Yarn Bombing, yarn storming, knit graffiti is an activity that has really taken off in the last few years. It involves placing knitted, crocheted or felted items on railings, lampposts, trees, fences, bike stands and park benches. These items are left for the enjoyment of all who walk past them and they often disappear to find new homes where they continue to give pleasure. One of the most famous in this country has been achieved in Saltburn on the pier, details can be found here.
The first Fashion Revolution Day will happen on April 24th 2014. It will then be a year since the Rana Plaza building collapse in Bangladesh, which killed 1133 garment workers and injured over 2500 more. The idea for this day came from Carrie Somers from the Company Pachacuti in Ashbourne, Derbyshire. Carrie has written a blog which tells how she first got the idea and what the plans are for the first Fashion Revolution Day.
I recently spent a few days in Whitby and thought I would share some of my photos. While there we had a real mixture of weather but this is Great Britain! The first day was reasonably warm for October and so we went to the beach at Robin Hood Bay.
Derby is having a Peace and Justice Festival on Saturday September 14th. There are several venues around the city centre where things will be happening. There is plenty going on at The Guildhall from 10.00am-10.00pm, details can be found HERE.
There will also be activities in The Quaker Meeting House, St Helen’s Street, Derby DE1 3GY.
Last Wednesday I spent a couple of hours sitting in Pachacuti , a Fair Trade shop in Ashbourne, Derbyshire. I had not gone there to buy anything although I was very tempted. On a previous visit I had left with three hats, two tops and a pair of shoes! Here is a photo of the shop and you can see my little suitcase outside!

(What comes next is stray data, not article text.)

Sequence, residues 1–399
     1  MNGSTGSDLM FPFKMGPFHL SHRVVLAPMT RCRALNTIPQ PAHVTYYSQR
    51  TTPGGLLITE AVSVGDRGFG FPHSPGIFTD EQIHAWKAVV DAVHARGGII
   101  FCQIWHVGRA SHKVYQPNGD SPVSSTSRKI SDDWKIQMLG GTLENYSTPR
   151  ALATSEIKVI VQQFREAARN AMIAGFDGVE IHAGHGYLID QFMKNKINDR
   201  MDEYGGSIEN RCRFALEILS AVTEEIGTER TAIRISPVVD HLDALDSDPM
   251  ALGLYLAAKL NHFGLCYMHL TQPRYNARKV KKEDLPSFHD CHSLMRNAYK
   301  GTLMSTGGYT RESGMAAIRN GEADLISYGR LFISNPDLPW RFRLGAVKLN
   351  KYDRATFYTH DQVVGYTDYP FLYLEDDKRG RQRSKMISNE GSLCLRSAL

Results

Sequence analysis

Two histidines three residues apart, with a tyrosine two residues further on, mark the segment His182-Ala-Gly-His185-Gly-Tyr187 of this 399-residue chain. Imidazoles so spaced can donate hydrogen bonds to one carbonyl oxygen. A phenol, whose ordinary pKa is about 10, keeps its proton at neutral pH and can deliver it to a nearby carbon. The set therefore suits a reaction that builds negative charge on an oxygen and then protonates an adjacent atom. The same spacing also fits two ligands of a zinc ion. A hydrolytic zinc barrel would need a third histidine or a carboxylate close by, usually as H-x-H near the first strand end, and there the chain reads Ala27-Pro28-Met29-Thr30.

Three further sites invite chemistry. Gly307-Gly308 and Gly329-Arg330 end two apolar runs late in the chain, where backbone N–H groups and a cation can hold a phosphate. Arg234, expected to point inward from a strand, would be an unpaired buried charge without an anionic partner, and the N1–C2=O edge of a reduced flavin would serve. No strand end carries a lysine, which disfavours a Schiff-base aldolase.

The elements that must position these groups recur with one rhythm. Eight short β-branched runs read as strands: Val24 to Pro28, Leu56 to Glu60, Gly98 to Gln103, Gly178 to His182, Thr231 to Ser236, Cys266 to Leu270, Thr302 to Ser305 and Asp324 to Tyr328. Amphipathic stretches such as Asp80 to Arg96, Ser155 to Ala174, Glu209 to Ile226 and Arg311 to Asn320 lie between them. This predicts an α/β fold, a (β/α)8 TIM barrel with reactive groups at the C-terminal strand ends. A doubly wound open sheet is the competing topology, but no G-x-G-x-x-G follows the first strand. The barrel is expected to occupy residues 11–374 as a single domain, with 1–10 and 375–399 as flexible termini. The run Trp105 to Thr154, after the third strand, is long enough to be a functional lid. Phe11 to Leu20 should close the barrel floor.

William Morris said “Have nothing in your houses that you do not know to be useful, or believe to be beautiful” I think this is something worth considering in these times of excessive hoarding and shopping. Today it is so easy to spend money, that there is great danger of buying, without considering if we need an item, or if it is something that will make our homes more beautiful.
When I had my first home in the 1980s William Morris designs were popular and I can remember having curtains and cushions in his fabric. I was therefore really interested in visiting the National Trust property Standen House in West Sussex. The house itself was designed and built for James and Margaret Beale as a weekend retreat. James was a solicitor who was involved in the opening of the great rail terminal at St Pancras.
Yesterday I took two of my Grandchildren to join in with a group called the Young Embroiderers. It is the part of the Embroiderers Guild which is for young people aged 5 and above.
The Guild itself is a charity that welcomes all those who like to embroider or who would like to learn. Its aim is to build awareness of stitch and textile art. Their website says, ‘They educate, encourage, inspire, and promote the achievement of excellence.’ Everyone is welcome and there are groups all over the country, details can be found here www.embroiderersguild.com
I have recently visited Foremark Reservoir in Derbyshire for the first time. The day we went was rather dull, windy and cloudy but we still had a good time. Foremark Reservoir is in the area of the National Forest. The forest covers 200 squares miles in the middle of the country and aims to eventually link the two ancient forests of Charnwood and Needwood.